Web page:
These guys are going bad to their tried-and-true strategy of making up two-name companies and sending letters offering free airline tickets. (See all other posts here about these letters.) Please comment if you received one with your location.
It tells you that you have qualified for an award of 2 roundtrip airline tickets. It looks like it was actually signed by Kelly Mane, the “Vice President.” They hand write the address on the envelope and use a real stamp (sometimes!).
Here are the new companies so far:
Fletcher Adams (fletcheradams.com)
Nelson Murphy (nelsonmurphy.com)
Franklin Hobbs (franklinhobbs.com)
Duncan Jacobs (duncanjacobs.com)
Stevenson Barnes (stevensonbarnes.com)
Once you go to the sales pitch and sign up, you book through a fulfillment company. I’ve seen two lately: Universal Travel Vacations (website, BBB report) or the The Vacation Station (website, BBB report TN, BBB report SC)
I have found the answers to this mystery thanks to the great work of the folks at BBB in Tucson, AZ:
An actual story: http://www.kgun9.com/features/investigations/122887609.html
If you would like to read more about these folks, visit this post. You can read all about the sales presentation, the free offer and the what you get for your vacation membership club cash outlay.
I am pleased to inform you that you have qualified for an award of 2 roundtrip airline tickets. Congratulations. These tickets are valid for travel anywhere in the Continental U.S. The retail value of this award is up to $1,298.00. Certain restrictions apply.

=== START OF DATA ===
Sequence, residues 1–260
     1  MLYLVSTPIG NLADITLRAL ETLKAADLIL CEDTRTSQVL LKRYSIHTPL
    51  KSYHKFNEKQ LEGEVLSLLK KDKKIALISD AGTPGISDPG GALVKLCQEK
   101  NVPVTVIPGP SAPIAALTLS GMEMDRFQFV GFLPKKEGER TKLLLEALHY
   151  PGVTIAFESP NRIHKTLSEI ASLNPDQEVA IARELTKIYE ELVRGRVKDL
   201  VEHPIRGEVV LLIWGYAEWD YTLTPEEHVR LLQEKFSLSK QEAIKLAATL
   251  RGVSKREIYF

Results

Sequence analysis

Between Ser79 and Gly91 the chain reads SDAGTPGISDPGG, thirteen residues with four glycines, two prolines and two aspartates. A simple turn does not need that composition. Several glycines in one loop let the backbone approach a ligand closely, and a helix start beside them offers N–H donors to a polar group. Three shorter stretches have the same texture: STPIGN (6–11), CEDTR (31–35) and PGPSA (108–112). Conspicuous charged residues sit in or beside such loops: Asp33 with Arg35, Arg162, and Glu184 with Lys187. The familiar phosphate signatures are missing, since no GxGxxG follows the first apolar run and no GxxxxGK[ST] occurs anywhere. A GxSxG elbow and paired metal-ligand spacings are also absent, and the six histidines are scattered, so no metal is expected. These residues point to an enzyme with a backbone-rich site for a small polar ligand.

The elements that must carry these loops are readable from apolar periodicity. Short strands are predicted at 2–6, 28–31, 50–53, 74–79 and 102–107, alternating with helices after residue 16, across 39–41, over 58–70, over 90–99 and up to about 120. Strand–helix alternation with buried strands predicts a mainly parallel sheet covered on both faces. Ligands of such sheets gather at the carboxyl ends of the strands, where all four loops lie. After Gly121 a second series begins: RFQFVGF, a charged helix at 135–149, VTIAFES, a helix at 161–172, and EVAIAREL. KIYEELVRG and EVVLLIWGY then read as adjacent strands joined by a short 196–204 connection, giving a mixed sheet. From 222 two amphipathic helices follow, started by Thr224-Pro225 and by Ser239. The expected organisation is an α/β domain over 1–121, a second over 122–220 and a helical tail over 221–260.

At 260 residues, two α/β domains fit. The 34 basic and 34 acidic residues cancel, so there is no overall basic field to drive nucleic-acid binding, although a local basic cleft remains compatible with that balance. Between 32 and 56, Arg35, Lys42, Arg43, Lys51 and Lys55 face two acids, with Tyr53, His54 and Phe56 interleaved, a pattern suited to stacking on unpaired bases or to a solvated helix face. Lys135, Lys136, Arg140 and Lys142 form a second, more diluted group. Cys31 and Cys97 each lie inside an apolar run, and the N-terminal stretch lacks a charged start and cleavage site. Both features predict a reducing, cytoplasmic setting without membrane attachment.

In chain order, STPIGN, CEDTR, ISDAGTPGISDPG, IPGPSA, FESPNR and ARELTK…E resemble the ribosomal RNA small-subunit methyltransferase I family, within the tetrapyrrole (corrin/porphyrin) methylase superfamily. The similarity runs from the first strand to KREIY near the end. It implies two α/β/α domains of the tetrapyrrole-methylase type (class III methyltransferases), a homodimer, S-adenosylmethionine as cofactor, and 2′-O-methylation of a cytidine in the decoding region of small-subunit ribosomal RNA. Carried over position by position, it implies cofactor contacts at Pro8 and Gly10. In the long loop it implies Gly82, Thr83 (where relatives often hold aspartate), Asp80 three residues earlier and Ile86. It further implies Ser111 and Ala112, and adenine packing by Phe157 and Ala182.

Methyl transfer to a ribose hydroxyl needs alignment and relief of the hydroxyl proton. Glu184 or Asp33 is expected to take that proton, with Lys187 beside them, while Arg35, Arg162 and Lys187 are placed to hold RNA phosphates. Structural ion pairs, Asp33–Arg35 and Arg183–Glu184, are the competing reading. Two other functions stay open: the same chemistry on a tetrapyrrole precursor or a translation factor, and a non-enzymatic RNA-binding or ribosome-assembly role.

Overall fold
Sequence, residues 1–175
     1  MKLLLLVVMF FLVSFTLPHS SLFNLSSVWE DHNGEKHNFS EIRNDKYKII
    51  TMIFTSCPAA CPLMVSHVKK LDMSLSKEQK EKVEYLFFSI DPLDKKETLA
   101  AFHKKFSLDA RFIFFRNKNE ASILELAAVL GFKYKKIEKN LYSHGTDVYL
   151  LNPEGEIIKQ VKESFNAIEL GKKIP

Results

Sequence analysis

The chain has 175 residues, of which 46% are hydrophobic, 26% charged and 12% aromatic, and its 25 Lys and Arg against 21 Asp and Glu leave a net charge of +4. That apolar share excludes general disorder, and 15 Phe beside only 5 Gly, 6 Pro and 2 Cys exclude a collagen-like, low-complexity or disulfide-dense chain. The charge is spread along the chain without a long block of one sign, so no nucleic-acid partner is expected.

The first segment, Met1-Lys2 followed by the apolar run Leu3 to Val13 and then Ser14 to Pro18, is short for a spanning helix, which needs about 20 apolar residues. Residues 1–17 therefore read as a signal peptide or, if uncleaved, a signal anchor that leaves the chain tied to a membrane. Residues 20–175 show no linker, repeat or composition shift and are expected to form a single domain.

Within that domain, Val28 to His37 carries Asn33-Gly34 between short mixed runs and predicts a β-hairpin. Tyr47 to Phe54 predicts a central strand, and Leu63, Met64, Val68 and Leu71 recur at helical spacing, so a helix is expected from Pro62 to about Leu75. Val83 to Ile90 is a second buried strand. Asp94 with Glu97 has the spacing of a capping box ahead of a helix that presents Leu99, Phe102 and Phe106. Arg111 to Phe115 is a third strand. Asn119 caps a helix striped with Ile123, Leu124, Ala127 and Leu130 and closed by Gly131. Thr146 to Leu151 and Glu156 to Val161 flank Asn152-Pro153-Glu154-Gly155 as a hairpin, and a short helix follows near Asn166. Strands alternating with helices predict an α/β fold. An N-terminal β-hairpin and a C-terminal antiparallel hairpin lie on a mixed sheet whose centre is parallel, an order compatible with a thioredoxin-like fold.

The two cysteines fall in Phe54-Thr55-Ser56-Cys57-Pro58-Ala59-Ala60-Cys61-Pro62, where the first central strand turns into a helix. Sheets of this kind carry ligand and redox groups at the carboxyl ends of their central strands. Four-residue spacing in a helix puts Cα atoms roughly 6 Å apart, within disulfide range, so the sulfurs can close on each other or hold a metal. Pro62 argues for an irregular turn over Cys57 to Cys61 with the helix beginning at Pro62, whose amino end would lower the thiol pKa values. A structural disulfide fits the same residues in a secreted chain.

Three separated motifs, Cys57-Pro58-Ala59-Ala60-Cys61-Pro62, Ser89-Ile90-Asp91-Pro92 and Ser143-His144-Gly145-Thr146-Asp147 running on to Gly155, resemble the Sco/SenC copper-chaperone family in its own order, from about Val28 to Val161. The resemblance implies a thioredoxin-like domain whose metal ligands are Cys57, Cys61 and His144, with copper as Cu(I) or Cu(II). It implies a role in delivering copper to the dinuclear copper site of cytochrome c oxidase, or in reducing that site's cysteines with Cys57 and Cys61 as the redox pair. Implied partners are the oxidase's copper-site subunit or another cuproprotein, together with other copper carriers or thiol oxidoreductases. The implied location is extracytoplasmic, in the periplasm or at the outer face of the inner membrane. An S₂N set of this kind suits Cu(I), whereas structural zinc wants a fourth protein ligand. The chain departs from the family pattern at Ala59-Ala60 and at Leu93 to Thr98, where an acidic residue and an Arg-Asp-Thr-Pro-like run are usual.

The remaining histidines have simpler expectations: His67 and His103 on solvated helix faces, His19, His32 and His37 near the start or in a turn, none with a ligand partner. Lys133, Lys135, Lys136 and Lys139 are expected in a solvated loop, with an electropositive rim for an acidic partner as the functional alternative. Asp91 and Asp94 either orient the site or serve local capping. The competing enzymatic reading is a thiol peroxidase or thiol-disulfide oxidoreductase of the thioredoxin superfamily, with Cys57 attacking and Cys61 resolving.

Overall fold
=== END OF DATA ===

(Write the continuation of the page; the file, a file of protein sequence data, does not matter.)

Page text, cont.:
We have attempted contacting you several times without success. This is our last attempt. If we do not hear from you soon, we may need to issue the ticket vouchers to the alternate.
Please call me today at 1-866-517-2406 (numbers always changing).
VP du jour (see above)
Travel Awards Division
Here is what would happen if you did call:
When I read this, it was just too good not to post. It’s from the Nebraska Attorney General (page 13 printed/page 15 PDF).
Look for the warning signs that may indicate a scam:
- Benefits sound too good to be true.
- The company has no permanent address and all presentations are held in rented conference rooms.
- They can’t, or won’t, provide you with references.
- They don’t want to give you an itemized list of what’s included in your trip until you have already signed the contract.
What you should do if you suspect a scam:
- Don’t sign any contract during the travel presentation. They are high-pressure events intended to stir the emotions of an exotic vacation.
- Contact a respected travel agent in town, give them the specifics of the trip, and ask if that seems consistent with industry pricing.
- Shop around. Compare your trip with other travel packages being offered to seniors.
Here is Michigan’s Attorney General’s advice: